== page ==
Monocytes and T-Lymphocytes

Adhesion of circulating monocytes (white blood cells that become particle-ingesting macrophages once they enter another tissue) to the surface of intact endothelial cells appears to be an early event in the development of atherosclerotic lesions [Hajjar DP and Nicholson AC, 1995]. Investigators have determined that monocyte binding to the endothelium of animals fed a high-cholesterol diet is preceded by expression of the vascular cell adhesion molecule (VCAM) and that a lipid is ultimately responsible for activating the gene for VCAM [Gimbrone MA, Jr. Cybulsky MI, et al. Anne New York Acad Sci. 1995:748:122].

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The expression of VCAM on the endothelium can be altered by abrupt changes in the direction and force of local blood flow at atherosclerotic lesion-prone sites in the circulatory system [Gimbrone MA and Cybulsky MI, 1995]. Specifically, a shear-stress responsive element, identified in the regulatory region of several genes, has been show to promote the expression of adhesion molecules as well as other molecular factors that participate in atherogenesis. One mechanism by which abnormal shear forces on the surface of an endothelial cell can induce the expression of genes that contribute to the development of atherosclerosis may involve certain transcription factors (proteins that bind to regulatory regions of genes) that are produced in response to shear stress [Davies PF, Tripathi SC. Circulation Research. 1993;72:239. Hajjar DP and Nicholson AC, 1995].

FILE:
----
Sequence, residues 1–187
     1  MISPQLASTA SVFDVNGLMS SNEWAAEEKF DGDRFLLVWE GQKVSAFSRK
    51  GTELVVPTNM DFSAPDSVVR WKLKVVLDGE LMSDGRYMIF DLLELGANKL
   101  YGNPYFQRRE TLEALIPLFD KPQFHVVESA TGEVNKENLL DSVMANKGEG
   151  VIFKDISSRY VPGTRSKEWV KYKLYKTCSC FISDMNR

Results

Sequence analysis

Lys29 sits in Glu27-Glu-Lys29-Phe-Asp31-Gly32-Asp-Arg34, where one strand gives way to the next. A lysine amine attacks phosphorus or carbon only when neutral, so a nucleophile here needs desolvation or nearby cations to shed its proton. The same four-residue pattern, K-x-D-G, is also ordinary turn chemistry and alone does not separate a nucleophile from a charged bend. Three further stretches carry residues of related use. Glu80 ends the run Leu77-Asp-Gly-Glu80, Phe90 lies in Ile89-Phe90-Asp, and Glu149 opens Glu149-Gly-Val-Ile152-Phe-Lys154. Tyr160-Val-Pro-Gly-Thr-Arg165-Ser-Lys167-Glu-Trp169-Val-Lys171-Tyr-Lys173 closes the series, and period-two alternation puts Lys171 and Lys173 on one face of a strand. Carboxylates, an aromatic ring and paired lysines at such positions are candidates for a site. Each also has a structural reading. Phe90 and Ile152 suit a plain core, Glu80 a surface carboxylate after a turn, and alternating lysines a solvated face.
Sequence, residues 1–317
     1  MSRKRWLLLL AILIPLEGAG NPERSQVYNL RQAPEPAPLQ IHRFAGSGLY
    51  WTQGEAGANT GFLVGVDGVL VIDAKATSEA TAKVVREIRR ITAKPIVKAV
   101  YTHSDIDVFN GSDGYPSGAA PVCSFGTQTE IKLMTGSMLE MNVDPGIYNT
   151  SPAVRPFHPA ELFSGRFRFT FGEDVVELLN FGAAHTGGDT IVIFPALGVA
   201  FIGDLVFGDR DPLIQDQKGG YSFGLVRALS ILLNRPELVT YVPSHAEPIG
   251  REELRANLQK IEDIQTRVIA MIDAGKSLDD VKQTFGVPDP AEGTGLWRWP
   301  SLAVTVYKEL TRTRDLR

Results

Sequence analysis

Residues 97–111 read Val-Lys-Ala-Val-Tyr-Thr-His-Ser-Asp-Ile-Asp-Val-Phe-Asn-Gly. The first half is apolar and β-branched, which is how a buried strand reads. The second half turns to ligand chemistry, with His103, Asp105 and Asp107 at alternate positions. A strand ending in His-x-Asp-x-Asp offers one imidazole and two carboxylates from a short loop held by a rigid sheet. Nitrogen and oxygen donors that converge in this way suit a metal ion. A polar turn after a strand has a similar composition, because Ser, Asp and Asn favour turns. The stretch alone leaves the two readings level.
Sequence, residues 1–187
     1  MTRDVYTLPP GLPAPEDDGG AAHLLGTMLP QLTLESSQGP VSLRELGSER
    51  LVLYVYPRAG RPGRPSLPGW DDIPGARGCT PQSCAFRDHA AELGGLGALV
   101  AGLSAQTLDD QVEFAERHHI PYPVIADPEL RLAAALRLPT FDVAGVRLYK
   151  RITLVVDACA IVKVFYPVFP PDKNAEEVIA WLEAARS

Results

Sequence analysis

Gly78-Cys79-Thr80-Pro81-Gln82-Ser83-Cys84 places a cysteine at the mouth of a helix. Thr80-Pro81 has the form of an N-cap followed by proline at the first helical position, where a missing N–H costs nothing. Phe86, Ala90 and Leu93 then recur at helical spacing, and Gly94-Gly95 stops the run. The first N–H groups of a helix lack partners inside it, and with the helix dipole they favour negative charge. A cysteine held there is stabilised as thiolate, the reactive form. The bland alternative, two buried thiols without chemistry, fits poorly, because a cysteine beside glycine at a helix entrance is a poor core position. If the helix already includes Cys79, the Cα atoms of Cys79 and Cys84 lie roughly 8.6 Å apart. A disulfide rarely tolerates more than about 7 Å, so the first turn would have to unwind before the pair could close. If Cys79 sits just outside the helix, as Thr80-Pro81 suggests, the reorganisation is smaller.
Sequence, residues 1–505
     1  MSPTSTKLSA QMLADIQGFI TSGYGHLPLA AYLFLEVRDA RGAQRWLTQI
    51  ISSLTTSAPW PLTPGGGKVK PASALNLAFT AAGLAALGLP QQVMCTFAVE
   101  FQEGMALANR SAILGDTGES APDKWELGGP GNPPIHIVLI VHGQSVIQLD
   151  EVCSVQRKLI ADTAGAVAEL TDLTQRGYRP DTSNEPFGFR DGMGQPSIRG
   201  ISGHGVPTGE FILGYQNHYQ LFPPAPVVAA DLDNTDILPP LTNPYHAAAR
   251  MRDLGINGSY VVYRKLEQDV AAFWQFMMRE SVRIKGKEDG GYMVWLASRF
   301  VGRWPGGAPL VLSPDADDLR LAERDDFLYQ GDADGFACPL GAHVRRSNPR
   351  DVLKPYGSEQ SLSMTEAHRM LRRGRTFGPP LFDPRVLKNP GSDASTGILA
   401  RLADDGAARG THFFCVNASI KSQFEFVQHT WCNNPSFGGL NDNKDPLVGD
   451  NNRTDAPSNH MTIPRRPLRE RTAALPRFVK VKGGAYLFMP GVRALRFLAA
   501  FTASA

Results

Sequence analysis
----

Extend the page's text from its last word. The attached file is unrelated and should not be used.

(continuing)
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After adhesion, monocytes insinuate themselves between the tight junctions of the endothelial cells and enter the subendothelial space [Hajjar DP and Nicholson AC, 1995].

Immune mechanisms also appear to play a role in atherogenesis [Ip JH, et al, 1994. Hajjar DP and Nicholson AC, 1995]. In particular, T-lymphocytes (cells responsible for the cell-mediated immune response) have been found to be present, albeit in small numbers, in both early fatty lesions and in advanced fibrous lesions in humans. It has been suggested that activation of T-lymphocytes during atherogenesis may be similar to other immune responses in which T-cells help to mobilize macrophages.


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After monocytes have migrated beneath the endothelial layer into the intima, they are transformed into a phagocytic state (macrophages) in which they ingest modified lipids (primarily oxidized lipids) [Hajjar DP and Nicholson AC, 1995]. As atherogenesis progresses, these macrophages take on a “foamy” appearance (thus their designation as “foam cells”) and become one of the primary components of the fatty streak.

The mechanisms by which macrophages accumulate lipids within the intima and the possible role of T-lymphocytes in this process are major areas of research.

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